CHICAGO (Reuters) - Detroit offered financial aid, extended payment plans and charity solutions for residents struggling to pay water bills as the bankrupt city wrestles with $90 million in delinquent payments.
The city, which has a high level of poverty and unemployment, drew international criticism in June when it turned off water to 7,210 accounts because of unpaid bills.
Mayor Mike Duggan earlier this week acknowledged the utilities problem had been mishandled and issued a moratorium on shutoffs until Aug. 25 to give account holders opportunities to pay overdue bills.
He announced on Thursday that the city is extending phone and service center hours for payments, and is holding an all-day fair in downtown Detroit on Aug. 23 that will include information from social service agencies.
A new payment plan will allow residents to pay 10 percent of their bill upfront and then make monthly payments for two years to catch up on the past-due amount. The city has also partnered with the United Way charity to administer a special fund that solicits donations online, via the website detroitwaterfund.org, which will help the neediest residents pay their bills.
Duggan said getting households back in good standing with the city is critical to helping the city’s overall push to get on solid financial ground as it moves into the trial period of its Chapter 9 bankruptcy, the largest-ever for a U.S. municipality.
He said the average Detroit household was paying 80 percent more for water due to the delinquent accounts. The average water bill for a Detroit household is $58 a month, he said.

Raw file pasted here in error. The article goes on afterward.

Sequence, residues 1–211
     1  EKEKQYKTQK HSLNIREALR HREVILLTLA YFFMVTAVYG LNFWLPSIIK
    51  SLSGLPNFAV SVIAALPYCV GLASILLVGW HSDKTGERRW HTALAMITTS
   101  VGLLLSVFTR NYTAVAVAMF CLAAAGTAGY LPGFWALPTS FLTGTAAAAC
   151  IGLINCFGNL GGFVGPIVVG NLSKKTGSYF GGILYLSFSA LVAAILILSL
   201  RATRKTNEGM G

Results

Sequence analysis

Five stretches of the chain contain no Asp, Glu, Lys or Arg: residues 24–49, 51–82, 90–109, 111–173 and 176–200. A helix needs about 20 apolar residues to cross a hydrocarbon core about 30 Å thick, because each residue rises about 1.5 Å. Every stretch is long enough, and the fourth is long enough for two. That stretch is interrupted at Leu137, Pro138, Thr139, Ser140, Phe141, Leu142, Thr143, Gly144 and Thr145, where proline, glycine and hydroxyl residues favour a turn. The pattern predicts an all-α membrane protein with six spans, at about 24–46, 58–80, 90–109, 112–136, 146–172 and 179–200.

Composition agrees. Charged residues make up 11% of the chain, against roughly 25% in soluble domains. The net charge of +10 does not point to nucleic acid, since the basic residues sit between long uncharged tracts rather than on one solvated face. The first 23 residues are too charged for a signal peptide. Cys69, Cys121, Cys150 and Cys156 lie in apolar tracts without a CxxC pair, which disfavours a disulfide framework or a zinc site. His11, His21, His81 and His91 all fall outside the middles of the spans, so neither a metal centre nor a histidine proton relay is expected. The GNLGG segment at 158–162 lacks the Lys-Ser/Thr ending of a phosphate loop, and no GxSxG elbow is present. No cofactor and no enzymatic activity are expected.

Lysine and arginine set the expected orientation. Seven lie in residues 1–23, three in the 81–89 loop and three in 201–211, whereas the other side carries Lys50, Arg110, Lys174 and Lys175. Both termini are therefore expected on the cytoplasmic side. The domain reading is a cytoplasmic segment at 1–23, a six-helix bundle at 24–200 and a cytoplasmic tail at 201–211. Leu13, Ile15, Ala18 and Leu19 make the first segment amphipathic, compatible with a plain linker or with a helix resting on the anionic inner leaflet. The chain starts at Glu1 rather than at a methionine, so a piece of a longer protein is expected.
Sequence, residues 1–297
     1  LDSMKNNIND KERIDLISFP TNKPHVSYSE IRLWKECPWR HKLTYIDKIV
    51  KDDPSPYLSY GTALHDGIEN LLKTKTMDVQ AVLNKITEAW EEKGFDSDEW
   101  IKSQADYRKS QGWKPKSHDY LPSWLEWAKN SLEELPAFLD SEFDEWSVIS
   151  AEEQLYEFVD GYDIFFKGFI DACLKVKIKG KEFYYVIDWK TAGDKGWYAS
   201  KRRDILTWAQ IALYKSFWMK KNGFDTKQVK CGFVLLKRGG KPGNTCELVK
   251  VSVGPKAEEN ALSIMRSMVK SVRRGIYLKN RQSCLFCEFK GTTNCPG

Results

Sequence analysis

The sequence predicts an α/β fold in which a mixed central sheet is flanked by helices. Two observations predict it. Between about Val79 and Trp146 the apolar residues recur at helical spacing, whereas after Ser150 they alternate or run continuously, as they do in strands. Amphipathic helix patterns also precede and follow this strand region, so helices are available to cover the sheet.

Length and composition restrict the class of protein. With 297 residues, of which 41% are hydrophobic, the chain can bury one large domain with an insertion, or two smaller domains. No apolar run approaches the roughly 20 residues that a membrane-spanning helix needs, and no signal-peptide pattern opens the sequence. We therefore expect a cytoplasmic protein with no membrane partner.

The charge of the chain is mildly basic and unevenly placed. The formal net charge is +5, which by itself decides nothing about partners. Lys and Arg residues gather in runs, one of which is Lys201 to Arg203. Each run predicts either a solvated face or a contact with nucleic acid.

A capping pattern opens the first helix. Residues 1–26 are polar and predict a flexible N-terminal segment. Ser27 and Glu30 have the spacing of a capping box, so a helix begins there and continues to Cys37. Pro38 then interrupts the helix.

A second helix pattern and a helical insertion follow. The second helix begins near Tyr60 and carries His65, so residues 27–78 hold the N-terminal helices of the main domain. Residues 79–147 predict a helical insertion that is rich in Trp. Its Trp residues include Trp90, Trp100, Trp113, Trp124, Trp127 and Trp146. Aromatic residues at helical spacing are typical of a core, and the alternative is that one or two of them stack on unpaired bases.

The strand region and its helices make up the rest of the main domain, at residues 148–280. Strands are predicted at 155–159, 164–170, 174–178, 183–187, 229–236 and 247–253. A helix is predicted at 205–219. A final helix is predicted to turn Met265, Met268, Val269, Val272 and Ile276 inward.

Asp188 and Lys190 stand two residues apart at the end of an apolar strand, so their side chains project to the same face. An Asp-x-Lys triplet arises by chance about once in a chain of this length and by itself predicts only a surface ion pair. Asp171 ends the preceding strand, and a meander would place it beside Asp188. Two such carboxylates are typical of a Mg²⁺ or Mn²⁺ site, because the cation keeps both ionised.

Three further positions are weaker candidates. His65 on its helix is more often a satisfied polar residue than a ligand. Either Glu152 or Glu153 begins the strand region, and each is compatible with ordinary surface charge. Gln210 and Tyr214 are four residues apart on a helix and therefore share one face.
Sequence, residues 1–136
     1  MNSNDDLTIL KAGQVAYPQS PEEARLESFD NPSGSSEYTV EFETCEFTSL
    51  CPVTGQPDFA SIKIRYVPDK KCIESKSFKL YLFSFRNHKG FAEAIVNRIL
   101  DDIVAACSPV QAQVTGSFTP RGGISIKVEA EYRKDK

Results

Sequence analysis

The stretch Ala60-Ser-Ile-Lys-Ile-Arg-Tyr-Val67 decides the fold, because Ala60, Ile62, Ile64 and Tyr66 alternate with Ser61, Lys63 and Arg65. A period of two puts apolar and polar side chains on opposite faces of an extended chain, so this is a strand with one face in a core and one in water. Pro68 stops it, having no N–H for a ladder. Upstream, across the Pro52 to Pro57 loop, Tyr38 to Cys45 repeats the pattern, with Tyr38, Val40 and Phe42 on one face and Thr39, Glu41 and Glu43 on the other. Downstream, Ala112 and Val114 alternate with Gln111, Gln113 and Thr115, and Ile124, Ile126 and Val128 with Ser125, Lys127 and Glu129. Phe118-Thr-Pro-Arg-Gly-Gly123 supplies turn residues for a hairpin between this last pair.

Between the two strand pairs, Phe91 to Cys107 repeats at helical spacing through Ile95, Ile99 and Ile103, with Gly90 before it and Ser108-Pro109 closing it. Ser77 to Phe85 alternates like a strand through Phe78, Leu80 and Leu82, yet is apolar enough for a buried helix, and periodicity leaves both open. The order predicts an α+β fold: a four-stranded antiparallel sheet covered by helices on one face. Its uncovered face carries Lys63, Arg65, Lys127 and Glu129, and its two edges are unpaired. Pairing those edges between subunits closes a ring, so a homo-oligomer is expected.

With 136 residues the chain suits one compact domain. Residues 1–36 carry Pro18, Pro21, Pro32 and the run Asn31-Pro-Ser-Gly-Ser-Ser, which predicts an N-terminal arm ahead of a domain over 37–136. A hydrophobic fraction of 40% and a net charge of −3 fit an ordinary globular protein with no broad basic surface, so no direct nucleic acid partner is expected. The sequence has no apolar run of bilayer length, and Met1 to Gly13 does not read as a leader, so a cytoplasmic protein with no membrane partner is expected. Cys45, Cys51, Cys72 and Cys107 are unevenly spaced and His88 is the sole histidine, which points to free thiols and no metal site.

He deflected some criticism as unrealistic: “When people say water should be free, I don’t know how to filter water from the river and pip it to someone’s house at no cost. Right now, other Detroiters are paying for it.”
Duggan gained control of Detroit’s Water and Sewerage Department in late July after Judge Steven Rhodes of the federal bankruptcy court noted the unwanted international attention. The mayor now has the power to manage the utility and make appointments to its board.
The utility is one of the largest in the United States and provides water to several surrounding municipalities, as well as Detroit, where the majority of the 90,000 remaining delinquent accounts reside.
Reverend Wendell Anthony, president of the Detroit branch of the National Association for the Advancement of Colored People (NAACP), which has been critical of the city’s handling of the water crisis, said the plan reflects a “step in the right direction for the city and the community.”
“The best water in the world certainly is worth paying for. However, we do think water should be affordable and consistent in other communities,” he said.
Editing by Fiona Ortiz and Lisa Shumaker